Peter Ward: Our Future In a World Without Ice Caps

Brown Bag Lecture Series; Center for Student Engagement & Leadership; and Arts, Culture, and Civic Engagement Apr. 11, 2013: In honor of Earth Month: Peter D. Ward, Ph.D., is a paleontologist and professor of Geological Sciences at the University of Washington. Ward specializes in the Cretaceous-Tertiary extinction event (the one that killed the dinosaurs), the…

Methane hydrate destabilization a potential scenario

Excerpts from an episode of History Channel’s “Mega Disasters” series. This explores the paper published by Northwestern University’s Gregory Ryskin. His thesis: the oceans can produce massive eruptions of explosive methane gas. Methane distribution in the water column: Once released into the water column, methane is distributed by currents and aerobic methane oxidation by bacteria…

How unrealistic optimism is maintained in the face of reality

Tali Sharot, Christoph W Korn & Raymond J Dolan Nature Neuroscience 14, 1475–1479 (2011) doi:10.1038/nn.2949 Published online 09 October 2011 Unrealistic optimism is a pervasive human trait that influences domains ranging from personal relationships to politics and finance. How people maintain unrealistic optimism, despite frequently encountering information that challenges those biased beliefs, is unknown. We…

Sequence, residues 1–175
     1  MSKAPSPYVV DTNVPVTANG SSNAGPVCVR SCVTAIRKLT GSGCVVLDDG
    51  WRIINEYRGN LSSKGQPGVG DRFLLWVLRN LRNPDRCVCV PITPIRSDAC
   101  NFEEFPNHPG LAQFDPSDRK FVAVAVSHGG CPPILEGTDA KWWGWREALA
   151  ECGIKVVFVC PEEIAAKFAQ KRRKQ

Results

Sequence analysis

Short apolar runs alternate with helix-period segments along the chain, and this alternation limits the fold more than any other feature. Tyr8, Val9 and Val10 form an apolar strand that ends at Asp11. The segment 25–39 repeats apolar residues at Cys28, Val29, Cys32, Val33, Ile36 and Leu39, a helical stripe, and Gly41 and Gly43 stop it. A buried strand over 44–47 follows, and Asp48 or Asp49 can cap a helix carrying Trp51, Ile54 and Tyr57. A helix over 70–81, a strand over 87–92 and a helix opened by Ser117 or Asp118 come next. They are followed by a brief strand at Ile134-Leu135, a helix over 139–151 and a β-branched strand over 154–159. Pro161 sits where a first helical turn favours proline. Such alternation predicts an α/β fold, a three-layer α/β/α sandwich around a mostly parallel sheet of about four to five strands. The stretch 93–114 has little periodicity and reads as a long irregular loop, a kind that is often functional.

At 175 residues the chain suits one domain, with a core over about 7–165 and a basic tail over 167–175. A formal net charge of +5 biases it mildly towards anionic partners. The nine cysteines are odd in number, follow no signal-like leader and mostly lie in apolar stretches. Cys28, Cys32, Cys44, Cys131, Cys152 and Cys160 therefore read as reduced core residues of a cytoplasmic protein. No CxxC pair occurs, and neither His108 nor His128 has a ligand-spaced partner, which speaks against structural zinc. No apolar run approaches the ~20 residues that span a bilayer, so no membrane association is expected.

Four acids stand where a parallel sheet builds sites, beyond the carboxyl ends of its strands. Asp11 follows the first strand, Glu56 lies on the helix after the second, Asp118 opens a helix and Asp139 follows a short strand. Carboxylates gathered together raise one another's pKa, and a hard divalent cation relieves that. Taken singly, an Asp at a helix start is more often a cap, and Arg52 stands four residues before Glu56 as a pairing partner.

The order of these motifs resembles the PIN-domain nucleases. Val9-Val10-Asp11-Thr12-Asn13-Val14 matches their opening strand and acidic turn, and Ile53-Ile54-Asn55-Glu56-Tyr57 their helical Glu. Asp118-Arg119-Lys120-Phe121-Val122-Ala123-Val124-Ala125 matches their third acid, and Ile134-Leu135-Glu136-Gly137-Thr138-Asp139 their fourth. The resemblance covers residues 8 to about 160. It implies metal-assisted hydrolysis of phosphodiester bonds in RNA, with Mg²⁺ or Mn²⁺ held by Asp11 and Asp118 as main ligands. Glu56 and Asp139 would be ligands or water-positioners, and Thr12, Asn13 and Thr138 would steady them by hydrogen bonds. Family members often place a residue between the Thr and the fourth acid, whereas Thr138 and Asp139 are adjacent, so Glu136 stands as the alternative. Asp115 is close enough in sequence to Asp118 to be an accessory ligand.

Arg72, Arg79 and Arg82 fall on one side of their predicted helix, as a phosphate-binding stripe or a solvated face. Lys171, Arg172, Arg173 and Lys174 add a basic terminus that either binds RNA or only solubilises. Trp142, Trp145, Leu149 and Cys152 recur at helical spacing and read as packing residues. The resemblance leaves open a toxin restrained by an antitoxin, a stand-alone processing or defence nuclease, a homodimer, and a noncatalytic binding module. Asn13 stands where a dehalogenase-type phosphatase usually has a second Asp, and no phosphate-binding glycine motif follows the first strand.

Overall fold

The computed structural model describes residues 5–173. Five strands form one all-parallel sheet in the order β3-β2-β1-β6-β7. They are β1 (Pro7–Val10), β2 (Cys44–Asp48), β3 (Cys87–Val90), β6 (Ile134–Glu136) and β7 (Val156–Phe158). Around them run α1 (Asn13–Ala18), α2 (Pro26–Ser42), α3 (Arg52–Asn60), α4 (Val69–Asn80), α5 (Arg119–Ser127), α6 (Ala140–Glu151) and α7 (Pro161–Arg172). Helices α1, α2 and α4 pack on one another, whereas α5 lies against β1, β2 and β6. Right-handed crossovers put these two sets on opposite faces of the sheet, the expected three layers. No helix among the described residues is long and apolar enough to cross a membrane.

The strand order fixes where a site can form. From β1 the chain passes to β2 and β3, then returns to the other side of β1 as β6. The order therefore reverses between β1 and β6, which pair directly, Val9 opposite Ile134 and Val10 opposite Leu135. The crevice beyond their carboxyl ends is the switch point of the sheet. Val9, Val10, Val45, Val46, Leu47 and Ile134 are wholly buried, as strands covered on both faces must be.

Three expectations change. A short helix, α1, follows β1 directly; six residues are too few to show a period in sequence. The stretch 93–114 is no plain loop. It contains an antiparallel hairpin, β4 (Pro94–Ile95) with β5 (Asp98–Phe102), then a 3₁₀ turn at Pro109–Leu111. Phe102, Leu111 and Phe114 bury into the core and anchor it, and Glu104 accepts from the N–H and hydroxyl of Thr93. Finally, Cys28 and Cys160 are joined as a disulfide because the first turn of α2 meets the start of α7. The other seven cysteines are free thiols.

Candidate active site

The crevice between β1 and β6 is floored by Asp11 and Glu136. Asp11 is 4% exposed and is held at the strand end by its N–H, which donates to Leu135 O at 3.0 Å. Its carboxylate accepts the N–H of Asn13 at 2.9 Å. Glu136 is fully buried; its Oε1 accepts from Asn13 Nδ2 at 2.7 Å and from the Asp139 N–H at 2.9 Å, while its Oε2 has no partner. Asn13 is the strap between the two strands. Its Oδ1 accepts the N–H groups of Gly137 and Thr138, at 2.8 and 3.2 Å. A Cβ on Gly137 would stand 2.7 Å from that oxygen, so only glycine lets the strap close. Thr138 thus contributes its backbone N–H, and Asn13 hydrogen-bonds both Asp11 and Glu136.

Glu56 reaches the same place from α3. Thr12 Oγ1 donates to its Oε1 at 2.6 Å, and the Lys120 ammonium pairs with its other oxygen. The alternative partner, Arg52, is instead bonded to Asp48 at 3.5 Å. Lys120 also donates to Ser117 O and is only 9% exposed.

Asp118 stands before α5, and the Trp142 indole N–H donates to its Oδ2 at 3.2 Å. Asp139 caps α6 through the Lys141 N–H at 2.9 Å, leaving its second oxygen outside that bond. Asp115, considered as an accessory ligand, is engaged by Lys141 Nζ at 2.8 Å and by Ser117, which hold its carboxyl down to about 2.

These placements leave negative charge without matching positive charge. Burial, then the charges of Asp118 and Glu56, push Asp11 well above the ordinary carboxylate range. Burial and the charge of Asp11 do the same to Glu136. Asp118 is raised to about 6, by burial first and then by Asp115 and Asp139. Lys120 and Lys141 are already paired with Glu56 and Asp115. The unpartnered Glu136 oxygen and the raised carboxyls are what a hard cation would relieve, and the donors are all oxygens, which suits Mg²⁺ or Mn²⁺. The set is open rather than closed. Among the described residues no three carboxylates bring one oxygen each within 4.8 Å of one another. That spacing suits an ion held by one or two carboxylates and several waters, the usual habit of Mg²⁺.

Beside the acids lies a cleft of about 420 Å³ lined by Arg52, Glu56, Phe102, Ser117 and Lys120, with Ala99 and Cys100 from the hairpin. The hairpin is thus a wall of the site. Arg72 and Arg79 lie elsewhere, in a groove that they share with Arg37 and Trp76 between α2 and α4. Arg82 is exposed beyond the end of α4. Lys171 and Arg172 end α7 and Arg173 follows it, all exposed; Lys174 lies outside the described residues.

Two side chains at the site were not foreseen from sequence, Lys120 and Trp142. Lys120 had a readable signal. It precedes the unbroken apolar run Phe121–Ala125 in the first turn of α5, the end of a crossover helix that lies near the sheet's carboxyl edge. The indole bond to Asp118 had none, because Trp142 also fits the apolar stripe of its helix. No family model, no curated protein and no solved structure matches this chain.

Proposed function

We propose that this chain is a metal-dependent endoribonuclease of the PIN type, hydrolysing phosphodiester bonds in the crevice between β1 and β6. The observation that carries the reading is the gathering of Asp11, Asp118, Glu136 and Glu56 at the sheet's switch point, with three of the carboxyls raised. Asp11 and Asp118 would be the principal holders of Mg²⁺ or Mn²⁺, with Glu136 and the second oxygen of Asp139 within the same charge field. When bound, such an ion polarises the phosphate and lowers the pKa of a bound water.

Wild Weather of the Future (1776 Edition)

By Chris Mooney| Tue Aug. 27, 2013: In this talk, meteorologist and America’s “Science Idol” contest winner Tom DiLiberto gives a forecast of the weather of the future—the weather that will be produced by climate change. While some of the details remain scientifically cloudy—according to DiLiberto, we don’t yet understand what will happen to tornadoes…

Climate Extremes and the Carbon Cycle

A new study (doi:10.1038/nature12350) published in nature, explores the impacts of extreme weather events on the carbon cycle. By Bobby Magill / Wunderground, published: August 15, 2013: Devastating drought in the Southwest, unprecedented wildfire activity, scorching heat waves and other extreme weather are often cited as signs of a changing climate. But what if those extreme…

Heat Waves to Become Much More Frequent and Severe

Science Daily Aug. 15, 2013 — Climate change is set to trigger more frequent and severe heat waves in the next 30 years regardless of the amount of carbon dioxide (CO2) we emit into the atmosphere, a new study has shown. Extreme heat waves such as those that hit the US in 2012 and Australia…